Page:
Outgoing Speaker John Boehner (R-Ohio) postponed elections for majority leader and whip at the behest of conservatives who argued that Majority Leader Kevin McCarthy (R-Calif.) might lose the Speaker’s race and end up keeping his current job.

Meanwhile, Rep. Jason Chaffetz (R-Utah) held court with reporters for nearly an hour, capping a three-day media blitz to promote his underdog bid for Speaker.

(Wong)

No, really. What about this isn’t Classic … Speaker … Boehner?

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Wong, Scott. “Fresh twists roil House GOP races”. The Hill. 5 October 2015.

Your House of Republican Chaos

Speaker Boehner announced his resignation 25 September 2015.

Follow the bouncing something, as the spectacle inside the House GOP seems a performance for the ages. As the factions line up, Speaker Boehner’s allies are scorching the insurgency:

GOP lawmakers who’ve stood by Boehner’s side throughout his rocky five-year tenure as Speaker bitterly blamed the right flank for forcing a contested leadership race less than a year after the party won control of Congress in the 2014 midterm elections.

A fired-up House Ethics Committee Chairman Charlie Dent (R-Pa.), speaking not long after Boehner dropped the bombshell at a Friday conference meeting that he’ll leave Congress at the end of next month, ripped into hard-line conservatives.

He accused them of opposing Boehner at every turn, and noted they have “never had a horse of their own.”

“Any jackass can kick down a barn door. It takes a carpenter to hang one. We need a few more carpenters around here. Everybody knows it,” Dent said off the House floor.

Leadership allies are frustrated by what they see as a repeated exercise in futility.

(Marcos)

And the hardliners posture:

A co-founder of the conservative Freedom Caucus has a warning for any Republican hoping to replace outgoing Speaker John Boehner (R-Ohio): No one will get the promotion without our blessing.

Rep. Tim Huelskamp (R-Kan.), a sharp critic of Boehner, said Friday that there are roughly 40 members of the group — and another 20 conservatives outside of it — who won’t back any new Speaker who fails their litmus test for conservative purity. And the group’s leadership endorsements, he warned, will be “a collective, corporate decision.”

“We have enough votes in the House Freedom Caucus to prevent anybody from being Speaker. We will be a voting bloc,” Huelskamp said.

“We’re looking for someone who, number one, has conservative principles and actually can articulate them, but also … follows through on John Boehner’s [2011] promise … [to] open up this House and let conservatives have a shot at things,” he added. “And at the end of the day, the Democrats had more shot at amendments than conservatives. So we’ve gotta talk about process as well.”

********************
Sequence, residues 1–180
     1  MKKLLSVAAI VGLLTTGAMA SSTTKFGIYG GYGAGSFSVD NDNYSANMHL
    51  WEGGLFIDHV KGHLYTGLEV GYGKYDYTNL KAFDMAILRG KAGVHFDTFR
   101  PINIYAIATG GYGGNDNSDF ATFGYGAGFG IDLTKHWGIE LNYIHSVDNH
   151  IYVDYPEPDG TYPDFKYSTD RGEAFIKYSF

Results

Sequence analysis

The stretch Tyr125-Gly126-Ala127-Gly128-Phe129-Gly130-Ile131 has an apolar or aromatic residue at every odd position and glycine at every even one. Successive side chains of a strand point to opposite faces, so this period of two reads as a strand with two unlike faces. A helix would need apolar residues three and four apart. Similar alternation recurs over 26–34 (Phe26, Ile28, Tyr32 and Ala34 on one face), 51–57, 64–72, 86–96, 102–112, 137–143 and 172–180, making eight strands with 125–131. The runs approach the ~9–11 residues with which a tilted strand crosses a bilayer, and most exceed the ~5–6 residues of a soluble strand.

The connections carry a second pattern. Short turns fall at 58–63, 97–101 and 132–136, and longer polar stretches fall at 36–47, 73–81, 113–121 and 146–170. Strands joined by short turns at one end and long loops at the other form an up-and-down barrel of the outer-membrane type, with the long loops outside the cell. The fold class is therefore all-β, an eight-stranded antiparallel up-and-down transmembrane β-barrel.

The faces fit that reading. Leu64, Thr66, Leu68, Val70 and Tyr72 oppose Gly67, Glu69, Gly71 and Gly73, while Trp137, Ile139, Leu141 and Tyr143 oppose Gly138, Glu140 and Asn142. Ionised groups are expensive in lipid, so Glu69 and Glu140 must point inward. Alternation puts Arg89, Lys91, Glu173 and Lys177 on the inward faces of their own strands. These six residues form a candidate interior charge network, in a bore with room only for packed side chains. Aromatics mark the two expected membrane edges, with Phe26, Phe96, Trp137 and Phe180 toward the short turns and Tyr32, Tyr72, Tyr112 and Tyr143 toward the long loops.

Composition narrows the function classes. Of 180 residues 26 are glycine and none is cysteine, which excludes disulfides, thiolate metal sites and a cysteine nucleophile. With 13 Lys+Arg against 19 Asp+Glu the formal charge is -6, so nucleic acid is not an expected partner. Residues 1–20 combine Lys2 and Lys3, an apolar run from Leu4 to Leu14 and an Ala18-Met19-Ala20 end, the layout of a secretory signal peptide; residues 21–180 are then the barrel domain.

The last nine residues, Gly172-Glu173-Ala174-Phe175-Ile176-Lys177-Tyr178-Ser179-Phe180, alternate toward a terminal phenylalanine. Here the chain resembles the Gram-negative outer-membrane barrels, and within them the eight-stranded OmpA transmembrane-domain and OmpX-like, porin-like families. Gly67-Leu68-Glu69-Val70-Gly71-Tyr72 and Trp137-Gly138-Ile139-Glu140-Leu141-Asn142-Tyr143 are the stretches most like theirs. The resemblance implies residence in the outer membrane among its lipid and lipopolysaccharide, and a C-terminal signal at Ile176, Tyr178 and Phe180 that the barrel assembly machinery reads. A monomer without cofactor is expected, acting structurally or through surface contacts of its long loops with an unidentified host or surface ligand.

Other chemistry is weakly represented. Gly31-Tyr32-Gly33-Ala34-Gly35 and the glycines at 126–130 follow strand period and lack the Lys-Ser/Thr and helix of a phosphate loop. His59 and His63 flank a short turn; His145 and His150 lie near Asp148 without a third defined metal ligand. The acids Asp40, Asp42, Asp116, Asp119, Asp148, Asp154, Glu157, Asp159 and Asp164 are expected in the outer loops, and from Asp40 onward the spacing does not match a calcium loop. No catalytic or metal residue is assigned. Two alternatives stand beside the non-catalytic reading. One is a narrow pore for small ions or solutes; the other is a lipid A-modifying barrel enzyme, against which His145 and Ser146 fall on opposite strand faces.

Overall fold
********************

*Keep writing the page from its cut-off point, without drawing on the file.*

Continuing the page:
(Lillis)

And Rep. Daniel Webster (FL-10) pretends his gavel ambitions have a chance of success, while other House players scramble to fall up the ladder.

This is the point at which we are supposed to make some sort of joke about things either starting or ceasing to make sense, and it is our shame to disappoint you; there is no baseline by which the idea of making sense makes any sense.

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The Not-Quite Silence of the Moment

U.S. Capitol building at dusk on a winter's eve. (Photo credit: Peterson)

And now it gets interesting … er …ah … proverbially. You know. Never mind:

Rep. Daniel Webster (R-Fla.) has declared his candidacy to replace Rep. John Boehner (R-Ohio) as Speaker.

“My goal is for the House of Representatives to be based on principle, not on power,” Webster said in a statement. “Every Member of Congress deserves a seat at the table to be involved in the process. I will continue fighting for this to become a reality in Washington, and will be running for Speaker of the House.”

(Richardson)

House Majority Leader Kevin McCarthy (R-CA) participates in the press conference announcing House GOP leadership for the upcoming session of Congress on Thursday, 13 November 2014.  (Photo: Bill Clark/CQ Roll Call)House custom would see Majority Leader Kevin McCarthy (R-CA23) ascend to the gavel, and early rumors of a potential challenge from Majority Whip Steve Scalise were undone when the Republican from Louisiana’s First announced he was after McCarthy’s current job. Meanwhile, House Republican leaders are distancing themselves from challenging McCarthy’s ascension, and radio host Mark Levin is trying to rally public outcry against McCarthy.

This could certainly get interesting.